Posts Tagged ‘Greg Skrepenak’

Natural gas boom can easily go bust – OPINION

YOU CAN practically hear the Luzerne County Commissioners yelling: “Eureka! Thar’s treasure in them thar’ hills.”

The trio knows that – much like a century ago – a potential financial bonanza lies below our feet in the form of a coveted fuel. This time, it’s not anthracite.

Instead, companies aim to extract natural gas from deep below Northeastern Pennsylvania’s crust, using new drilling technology to tap a rock formation known as the Marcellus shale. The drillers, and speculators hoping to profit by hoarding land-lease agreements, have knocked on doors throughout the region, promising to put money in the pockets of cooperative property holders.

Luzerne County officials rightly recognize that this region’s (second) energy revolution offers a rare opportunity.

If handled properly, it can provide a much-needed source of relatively inexpensive fuel for home-heating and other purposes. Plus, the industry can be a significant money-maker for private landowners as well as public entities, including the commonwealth (which controls state forests and game lands) and the county.

Pennsylvania’s natural gas boom, therefore, deserves to be handled with extreme care so that current residents and future generations reap the full benefits. The approach will require specialized knowledge of geological, environmental and legal issues, coordination among all involved parties and patience.

With no disrespect intended, this is not a job for the Luzerne County Commissioners to attempt on their own.

Commissioner Greg Skrepenak’s proposal to create a gas exploration task force, which will involve professionals, makes sense in the short term. After studying the issue, however, this task force might decide it’s more sensible to combine efforts with a regional or statewide group that has even more expertise and can leverage the best deals on behalf of the taxpaying public.

The commissioners could vote as soon as Wednesday to request proposals for drilling in the county-owned Moon Lake Park area. What’s the rush? Most advisers have been telling private property owners that there is no need to leap on this bandwagon; indeed, better deals probably can be secured at a later time and by coordinating efforts with surrounding property owners rather than trying to compete with them.

In recent years the county has entered into some poorly arranged contracts, such as the juvenile detention center deal. The stakes are too high to botch this one.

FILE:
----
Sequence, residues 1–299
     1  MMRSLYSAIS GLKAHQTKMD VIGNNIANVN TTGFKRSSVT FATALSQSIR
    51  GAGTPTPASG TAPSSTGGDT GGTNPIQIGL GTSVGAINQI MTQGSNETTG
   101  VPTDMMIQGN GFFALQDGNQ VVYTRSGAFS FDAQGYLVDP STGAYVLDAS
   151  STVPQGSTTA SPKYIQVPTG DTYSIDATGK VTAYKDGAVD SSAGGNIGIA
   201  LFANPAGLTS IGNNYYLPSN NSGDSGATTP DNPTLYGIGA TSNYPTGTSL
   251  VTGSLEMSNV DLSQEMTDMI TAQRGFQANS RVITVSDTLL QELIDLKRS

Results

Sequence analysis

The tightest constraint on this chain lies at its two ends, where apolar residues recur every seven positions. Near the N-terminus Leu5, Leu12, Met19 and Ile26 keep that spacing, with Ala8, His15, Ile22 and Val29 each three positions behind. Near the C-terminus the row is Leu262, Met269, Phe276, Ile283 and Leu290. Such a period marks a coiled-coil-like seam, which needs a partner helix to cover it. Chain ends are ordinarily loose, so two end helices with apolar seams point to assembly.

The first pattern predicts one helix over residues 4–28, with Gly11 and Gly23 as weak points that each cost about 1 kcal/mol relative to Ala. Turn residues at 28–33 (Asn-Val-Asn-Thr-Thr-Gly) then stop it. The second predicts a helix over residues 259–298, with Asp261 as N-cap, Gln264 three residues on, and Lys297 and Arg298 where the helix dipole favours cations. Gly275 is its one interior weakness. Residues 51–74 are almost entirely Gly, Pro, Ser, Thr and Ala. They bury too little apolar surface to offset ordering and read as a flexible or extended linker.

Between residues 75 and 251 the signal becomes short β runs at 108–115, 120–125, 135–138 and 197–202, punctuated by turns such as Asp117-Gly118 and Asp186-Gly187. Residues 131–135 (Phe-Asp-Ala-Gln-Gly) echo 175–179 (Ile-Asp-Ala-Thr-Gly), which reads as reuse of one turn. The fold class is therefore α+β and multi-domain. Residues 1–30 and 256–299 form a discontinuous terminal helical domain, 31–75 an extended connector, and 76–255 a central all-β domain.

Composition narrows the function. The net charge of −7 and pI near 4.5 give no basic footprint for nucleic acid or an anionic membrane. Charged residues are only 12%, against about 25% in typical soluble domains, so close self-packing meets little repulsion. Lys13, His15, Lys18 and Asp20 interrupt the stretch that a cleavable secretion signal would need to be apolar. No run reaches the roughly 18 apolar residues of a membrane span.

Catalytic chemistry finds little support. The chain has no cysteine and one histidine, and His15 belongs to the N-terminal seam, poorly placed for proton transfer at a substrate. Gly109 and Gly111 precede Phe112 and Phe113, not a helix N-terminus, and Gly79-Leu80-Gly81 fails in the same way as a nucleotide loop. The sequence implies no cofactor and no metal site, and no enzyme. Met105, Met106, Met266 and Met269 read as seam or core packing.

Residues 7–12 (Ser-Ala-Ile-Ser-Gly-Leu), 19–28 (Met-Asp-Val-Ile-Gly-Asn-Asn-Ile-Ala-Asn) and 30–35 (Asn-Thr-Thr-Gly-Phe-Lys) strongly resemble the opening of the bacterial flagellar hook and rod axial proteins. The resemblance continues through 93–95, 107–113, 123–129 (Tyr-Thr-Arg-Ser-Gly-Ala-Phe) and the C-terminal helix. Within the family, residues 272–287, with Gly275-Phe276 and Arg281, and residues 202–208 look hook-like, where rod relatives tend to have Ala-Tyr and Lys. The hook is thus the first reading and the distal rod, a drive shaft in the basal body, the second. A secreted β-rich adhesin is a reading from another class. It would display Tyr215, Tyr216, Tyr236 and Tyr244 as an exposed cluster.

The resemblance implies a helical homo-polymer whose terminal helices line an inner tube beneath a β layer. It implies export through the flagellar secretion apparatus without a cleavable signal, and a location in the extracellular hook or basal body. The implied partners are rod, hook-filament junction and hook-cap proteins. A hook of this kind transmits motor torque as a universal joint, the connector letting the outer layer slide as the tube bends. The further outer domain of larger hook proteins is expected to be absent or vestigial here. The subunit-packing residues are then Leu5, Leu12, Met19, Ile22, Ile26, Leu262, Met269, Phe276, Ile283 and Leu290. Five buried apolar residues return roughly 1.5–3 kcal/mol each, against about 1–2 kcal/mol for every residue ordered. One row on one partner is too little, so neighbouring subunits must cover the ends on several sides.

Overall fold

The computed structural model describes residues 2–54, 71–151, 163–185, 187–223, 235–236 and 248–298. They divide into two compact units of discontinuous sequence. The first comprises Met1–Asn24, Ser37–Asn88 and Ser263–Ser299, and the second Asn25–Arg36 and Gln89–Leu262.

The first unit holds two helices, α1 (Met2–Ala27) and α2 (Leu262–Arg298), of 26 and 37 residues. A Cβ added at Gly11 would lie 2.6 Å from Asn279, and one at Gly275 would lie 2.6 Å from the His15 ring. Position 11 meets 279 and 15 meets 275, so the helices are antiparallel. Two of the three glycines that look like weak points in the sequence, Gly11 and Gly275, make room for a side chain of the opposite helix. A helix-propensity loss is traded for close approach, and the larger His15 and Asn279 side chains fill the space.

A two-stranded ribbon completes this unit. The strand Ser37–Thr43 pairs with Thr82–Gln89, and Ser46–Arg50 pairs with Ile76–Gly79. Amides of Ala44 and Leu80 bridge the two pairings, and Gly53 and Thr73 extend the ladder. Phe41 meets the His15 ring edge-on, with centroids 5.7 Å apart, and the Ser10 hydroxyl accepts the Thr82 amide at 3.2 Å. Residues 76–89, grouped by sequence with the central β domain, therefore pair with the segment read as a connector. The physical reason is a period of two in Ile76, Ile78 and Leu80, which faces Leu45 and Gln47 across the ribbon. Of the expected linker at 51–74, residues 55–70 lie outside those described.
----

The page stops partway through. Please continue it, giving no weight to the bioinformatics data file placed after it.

Unfortunately, the current commissioners might see natural gas leases as an easy out – an escape from the burdensome budget deficits that have become all-too typical here in recent years. It would be a mistake, however, to make hasty decisions for short-term gain that could impact this region and its residents for the next century.

Luzerne County

officials rightly recognize that this region’s (second) energy revolution offers a rare opportunity.

Copyright: Times Leader

County looks to gas for cash

Commissioners consider asking for proposals to drill at Moon Lake Park.

Having witnessed the natural-gas drilling boom both in other counties and for some local residents, Luzerne County officials are considering the windfall potential for county lands.

At its meeting on Wednesday, the county commissioners are expected to approve issuing a request for proposals to drill in a little more than 2,000 acres in Moon Lake Park. They’ll also likely vote on creating a gas exploration task force proposed by Commissioner Greg Skrepenak.

Commissioner Steve Urban said he’s been following the gas progress for about six months and feels now is the time to offer the park lands because surrounding landowners are seeking leases as well.

“People are already interested in the land around Moon Lake, and I’m optimistic they’d be willing to talk to us,” he said. “It’s good to be proactive.”

He said the going rates seem to be between $2,600 and $3,200 signing bonuses per acre and perhaps 18 percent royalties.

Beyond the benefits to the county, he suggested local customers would find a benefit in receiving domestically produced natural gas.

He said the drilling wouldn’t affect plans to construct mountain-bike racing courses there.

Skrepenak said he’d likely support offering the lands for leasing, but said the county should have fully researched the topic first.

“I definitely think we need to take this issue as far as we can,” he said.

The task force would gather information, but also be a source for residents and local companies seeking work with the gas companies, he said. It should be made up of county officials, other public officers and experienced professionals, he said.

The shale drilling has shown to be “recession proof” in Texas, he said, which is why he finds it an exciting consideration. “It is the hot topic,” he said. “It’s been seen as a positive thing for the most part.”

Dave Skoronski, director of the county Geographic Information System/Mapping Department, noted there are promising signs that companies are considering the county. Several companies in related industries have come to his office to buy the county’s map data.

“They’ve been coming, and some people who work at the desk said they were doing gas research,” he said, noting that Burnett Oil Co., Inc., Mason Dixon Energy, Inc. and Elexco Land Services, Inc. have purchased map information.

Panel created

Luzerne County Commissioner Greg Skrepenak was named to the County Commissioners Association of Pennsylvania’s Natural Gas Task Force.

The group has been established to identify issues related to exploration and development of natural gas in Pennsylvania and to advise on policy related to those issues. Skrepenak participated in the task force’s first conference call on Sept. 26.

Copyright: Times Leader